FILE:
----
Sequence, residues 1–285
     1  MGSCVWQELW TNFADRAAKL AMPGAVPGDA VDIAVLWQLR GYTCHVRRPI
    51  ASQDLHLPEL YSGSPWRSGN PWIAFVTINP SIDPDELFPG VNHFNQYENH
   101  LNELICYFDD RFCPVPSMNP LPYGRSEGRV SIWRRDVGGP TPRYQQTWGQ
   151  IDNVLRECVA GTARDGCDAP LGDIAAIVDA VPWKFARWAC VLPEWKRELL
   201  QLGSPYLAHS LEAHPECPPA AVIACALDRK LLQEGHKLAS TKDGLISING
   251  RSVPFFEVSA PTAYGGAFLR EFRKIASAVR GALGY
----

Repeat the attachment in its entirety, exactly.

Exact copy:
Sequence, residues 1–285
     1  MGSCVWQELW TNFADRAAKL AMPGAVPGDA VDIAVLWQLR GYTCHVRRPI
    51  ASQDLHLPEL YSGSPWRSGN PWIAFVTINP SIDPDELFPG VNHFNQYENH
   101  LNELICYFDD RFCPVPSMNP LPYGRSEGRV SIWRRDVGGP TPRYQQTWGQ
   151  IDNVLRECVA GTARDGCDAP LGDIAAIVDA VPWKFARWAC VLPEWKRELL
   201  QLGSPYLAHS LEAHPECPPA AVIACALDRK LLQEGHKLAS TKDGLISING
   251  RSVPFFEVSA PTAYGGAFLR EFRKIASAVR GALGY